Monday, November 12, 2018

What I Read in October

It's entirely possible that I will not hit my arbitrary reading goal for 2018. I set myself the goal of reading 52 books this year--one book a week--and my reading pace is not exactly keeping up. Between getting the creeping (and lingering...and lingering...and lingering...) crud in October, just after my husband came down with pneumonia, and my inability to turn my brain off enough to immerse myself in a book, it's been a weird month (and year), reading-wise.

I'd feel disappointed about this except for two things.

1. This is a completely made up, arbitrary, meaningless goal I have set for myself. If I don't hit my dinger, there will not be a big man named Spike from the reading goal enforcement agency to exact my punishment.

2. I'm still reading. A lot. Even if I'm not finishing books. I have abandoned a number of books that weren't working for me. In general, they weren't bad books, but I just put them down and didn't pick them back up again. Also, I tend to comfort read old favorites when I'm anxious, down, or stressed, which means I've been revisiting some literary friends and not counting them in my book total.

Still, I will try to reach my 52 book goal. 52 new-to-me books read between January 1, 2018 and December 31, 2018. Let's see how far I can get.

So without further ado, here is what I read in October:

42. Strange Practice by Vivian Shaw

What an odd little book. Dr. Greta Helsing (the family dropped the van several years after emigrating to Britain) is a physician to the undead. She helps reconstruct mummy feet, proscribes anti-depressants to ghouls, and patches up vampires who have been infected with garlic.

She is good friends with several characters who are straight out of classic horror. The Ruthven and Varney are apparently the names of some of the vampires of 18th century literature. (The book makes sure to explain that their exploits were greatly exaggerated in their respective books.) Fastitocalon is a demon (with COPD), but also the name of a turtle in a Tolkien poem.

I loved the well-thought out details of this world. About how Ruthven is overwhelmed by boredom--as who wouldn't be after 400 years of life? And how Greta and Fastitocalon repeat lines from Monty Python. And how even ghoul babies get ear infections.

I can't say if I really enjoyed this book or not. I listened to it on audio, and downloaded the second book after finishing the first, but I couldn't bring myself to keep listening to the second. (However, this was in part because the narrator changed how she pronounced the name Fastitocalon from the first book to the second, and I just couldn't get over that. Is it FAS-TEE-TO-CAY-LON or FAZ-TEE-TO-CAY-LEN? Make up your mind and stick with through ALL the books!!)

Still, it was kind of the perfect read for October in preparation for Halloween.

Finished: October 5, 2018

43. Genealogy by Mae Wood

Mae is a good friend of mine, and I was really excited when she asked me to be a beta reader for her newest book. This one is a bit of a departure from her previous Pig & Barley books, and I really really really loved it.

The story is told in two parts. The first is Ali's story. She is a doctor who is facing a major life upheaval after not getting the job she wanted--which meant she couldn't move with her boyfriend to California. She has a temporary position in Saint Louis, where she grew up, while she tries to figure out her life. While helping to clean out her grandmother's house, she finds 100 year old love letters that were written to her great-grandmother Alice, for whom Ali was named--but the sender was not her great-grandfather.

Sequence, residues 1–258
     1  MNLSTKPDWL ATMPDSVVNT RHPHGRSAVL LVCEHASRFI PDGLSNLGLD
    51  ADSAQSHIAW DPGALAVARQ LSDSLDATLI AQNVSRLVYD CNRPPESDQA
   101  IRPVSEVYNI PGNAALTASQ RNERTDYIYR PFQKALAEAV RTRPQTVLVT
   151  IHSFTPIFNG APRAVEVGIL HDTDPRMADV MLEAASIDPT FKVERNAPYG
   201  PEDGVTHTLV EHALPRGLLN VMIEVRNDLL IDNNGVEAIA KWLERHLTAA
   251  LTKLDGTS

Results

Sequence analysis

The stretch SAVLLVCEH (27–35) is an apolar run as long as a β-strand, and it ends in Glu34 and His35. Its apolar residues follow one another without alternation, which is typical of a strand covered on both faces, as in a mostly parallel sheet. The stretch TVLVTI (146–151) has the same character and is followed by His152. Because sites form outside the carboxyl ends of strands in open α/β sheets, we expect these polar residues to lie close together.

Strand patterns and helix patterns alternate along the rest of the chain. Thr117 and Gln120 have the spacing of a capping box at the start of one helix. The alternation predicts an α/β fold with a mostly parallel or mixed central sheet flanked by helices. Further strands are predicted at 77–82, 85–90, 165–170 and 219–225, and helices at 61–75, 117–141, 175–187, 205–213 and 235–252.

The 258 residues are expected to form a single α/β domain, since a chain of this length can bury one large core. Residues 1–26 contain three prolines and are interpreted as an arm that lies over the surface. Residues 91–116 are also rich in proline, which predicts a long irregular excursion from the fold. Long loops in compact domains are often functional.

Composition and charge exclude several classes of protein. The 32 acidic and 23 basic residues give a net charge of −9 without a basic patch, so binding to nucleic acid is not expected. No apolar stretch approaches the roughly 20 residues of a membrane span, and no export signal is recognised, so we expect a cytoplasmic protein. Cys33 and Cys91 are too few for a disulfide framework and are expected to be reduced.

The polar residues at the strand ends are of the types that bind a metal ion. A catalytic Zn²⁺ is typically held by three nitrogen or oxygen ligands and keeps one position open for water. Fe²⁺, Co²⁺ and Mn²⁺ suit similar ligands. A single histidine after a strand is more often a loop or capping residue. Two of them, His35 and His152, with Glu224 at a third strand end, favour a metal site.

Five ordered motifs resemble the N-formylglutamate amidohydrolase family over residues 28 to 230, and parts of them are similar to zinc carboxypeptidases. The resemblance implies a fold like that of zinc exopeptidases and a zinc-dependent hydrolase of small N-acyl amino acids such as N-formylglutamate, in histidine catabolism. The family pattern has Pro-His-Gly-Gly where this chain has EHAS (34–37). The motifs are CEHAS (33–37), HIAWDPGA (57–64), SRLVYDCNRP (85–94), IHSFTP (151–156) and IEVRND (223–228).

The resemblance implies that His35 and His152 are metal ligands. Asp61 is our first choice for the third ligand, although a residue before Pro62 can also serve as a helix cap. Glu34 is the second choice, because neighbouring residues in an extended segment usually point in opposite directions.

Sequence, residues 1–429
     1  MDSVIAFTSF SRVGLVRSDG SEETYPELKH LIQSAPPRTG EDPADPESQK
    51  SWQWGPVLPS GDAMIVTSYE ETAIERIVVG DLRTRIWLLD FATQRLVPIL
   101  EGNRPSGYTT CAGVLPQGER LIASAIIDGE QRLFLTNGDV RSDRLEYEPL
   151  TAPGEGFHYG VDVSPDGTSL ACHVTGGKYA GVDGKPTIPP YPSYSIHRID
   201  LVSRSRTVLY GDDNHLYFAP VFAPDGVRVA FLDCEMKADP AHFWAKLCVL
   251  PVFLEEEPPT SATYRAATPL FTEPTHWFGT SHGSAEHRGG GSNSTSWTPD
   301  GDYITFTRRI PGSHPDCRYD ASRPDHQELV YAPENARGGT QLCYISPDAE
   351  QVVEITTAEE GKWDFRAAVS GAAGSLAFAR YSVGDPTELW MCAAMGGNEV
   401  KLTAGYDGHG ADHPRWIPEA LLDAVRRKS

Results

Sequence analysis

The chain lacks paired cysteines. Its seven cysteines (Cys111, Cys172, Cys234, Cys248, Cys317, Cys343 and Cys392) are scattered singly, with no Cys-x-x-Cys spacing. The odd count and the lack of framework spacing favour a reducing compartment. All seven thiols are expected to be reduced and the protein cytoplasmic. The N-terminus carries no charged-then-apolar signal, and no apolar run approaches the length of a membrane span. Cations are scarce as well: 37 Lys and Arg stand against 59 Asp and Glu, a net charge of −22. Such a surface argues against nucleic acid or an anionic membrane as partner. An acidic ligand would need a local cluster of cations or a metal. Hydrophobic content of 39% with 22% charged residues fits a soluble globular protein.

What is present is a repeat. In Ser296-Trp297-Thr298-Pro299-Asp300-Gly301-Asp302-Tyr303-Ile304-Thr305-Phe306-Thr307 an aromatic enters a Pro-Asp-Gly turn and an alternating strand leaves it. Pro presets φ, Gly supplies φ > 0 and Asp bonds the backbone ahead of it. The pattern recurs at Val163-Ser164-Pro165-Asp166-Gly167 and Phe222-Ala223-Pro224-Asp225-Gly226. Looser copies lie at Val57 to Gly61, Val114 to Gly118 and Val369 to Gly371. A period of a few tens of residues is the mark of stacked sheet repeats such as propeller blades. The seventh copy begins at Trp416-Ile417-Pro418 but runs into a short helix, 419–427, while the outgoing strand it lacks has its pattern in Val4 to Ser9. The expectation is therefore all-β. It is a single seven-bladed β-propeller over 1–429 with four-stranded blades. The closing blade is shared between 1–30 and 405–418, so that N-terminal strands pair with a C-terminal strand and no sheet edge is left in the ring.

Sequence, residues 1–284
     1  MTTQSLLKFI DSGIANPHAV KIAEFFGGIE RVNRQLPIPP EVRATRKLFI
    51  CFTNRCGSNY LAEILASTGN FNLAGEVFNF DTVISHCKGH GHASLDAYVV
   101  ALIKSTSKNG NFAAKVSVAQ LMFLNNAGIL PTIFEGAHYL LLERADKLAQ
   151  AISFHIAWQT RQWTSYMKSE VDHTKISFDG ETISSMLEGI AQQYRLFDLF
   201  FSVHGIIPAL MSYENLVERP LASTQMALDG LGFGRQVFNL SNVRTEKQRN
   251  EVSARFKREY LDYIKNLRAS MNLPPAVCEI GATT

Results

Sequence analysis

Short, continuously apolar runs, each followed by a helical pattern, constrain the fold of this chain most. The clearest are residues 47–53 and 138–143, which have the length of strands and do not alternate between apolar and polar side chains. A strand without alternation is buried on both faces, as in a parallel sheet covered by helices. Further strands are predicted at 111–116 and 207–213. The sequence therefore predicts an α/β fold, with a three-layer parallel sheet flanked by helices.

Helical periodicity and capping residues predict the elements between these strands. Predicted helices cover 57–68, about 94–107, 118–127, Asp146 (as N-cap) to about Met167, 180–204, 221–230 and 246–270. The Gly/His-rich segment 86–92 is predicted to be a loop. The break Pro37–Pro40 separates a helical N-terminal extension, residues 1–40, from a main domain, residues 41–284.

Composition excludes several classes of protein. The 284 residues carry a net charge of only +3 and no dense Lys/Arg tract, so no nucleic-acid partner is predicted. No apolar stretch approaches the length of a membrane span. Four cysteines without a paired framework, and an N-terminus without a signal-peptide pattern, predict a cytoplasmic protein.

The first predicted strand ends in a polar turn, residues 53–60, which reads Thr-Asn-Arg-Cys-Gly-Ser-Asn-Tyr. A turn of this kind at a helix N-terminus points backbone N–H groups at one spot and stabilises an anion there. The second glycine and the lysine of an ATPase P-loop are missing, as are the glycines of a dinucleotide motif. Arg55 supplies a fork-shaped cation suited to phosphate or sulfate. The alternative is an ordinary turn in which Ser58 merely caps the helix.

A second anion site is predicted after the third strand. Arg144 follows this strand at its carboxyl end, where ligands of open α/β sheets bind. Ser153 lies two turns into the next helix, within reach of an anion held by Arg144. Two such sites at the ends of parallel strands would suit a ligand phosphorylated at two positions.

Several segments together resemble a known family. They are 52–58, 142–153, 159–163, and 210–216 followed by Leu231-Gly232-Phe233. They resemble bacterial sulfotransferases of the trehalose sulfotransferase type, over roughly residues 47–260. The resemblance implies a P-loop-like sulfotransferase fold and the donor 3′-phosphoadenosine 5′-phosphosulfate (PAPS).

Ali reads the letters from Elliott to Alice and learns more about the love story that could have been, had distance, war, and circumstances not gotten in the way. She decides to track down the descendants of the man who had loved her great-grandmother, and finds her own love story.

This book was everything. Bittersweet, romantic, fun, and some incredible examinations of what love really means. Mae really outdid herself, and that's saying a lot.

Finished: Back in August, but I forgot to include it in my August round-up because I was cramming three months together all at once and since I read it on my Kindle I didn't have the physical book to remind me that I was being a knob who had forgotten to include her good friend's tour de force of a book.

What have you read lately?


  1. Whether you reach your goal or not, youre reading and that what matters :)

  2. I'm really curious about Strange Practice. Definitely a fun one for Halloween!


  3. Hmm, Strange Practice sounds really cool!

    I've hit a reading slump happens. The most important thing is that you are enjoying reading, and letting yourself put things down is important to that.

  4. I love beta reading for friends.

  5. yeah the goal is such a silly thing, nothing to get stressed over. you still read more than the average american, and it's not a competition. i read an insane amount because it's my only hobby lol. i am very curious about the vivian shaw book, but the narrator changing the pronunciation of that would drive me bonkers too!

  6. I don't know that I'll reach my goal either. Oh well.

    I haven't read Mae's book yet. I feel like a piece of shit about it.

    1. Don't beat yourself up! I know Mae wouldn't want that!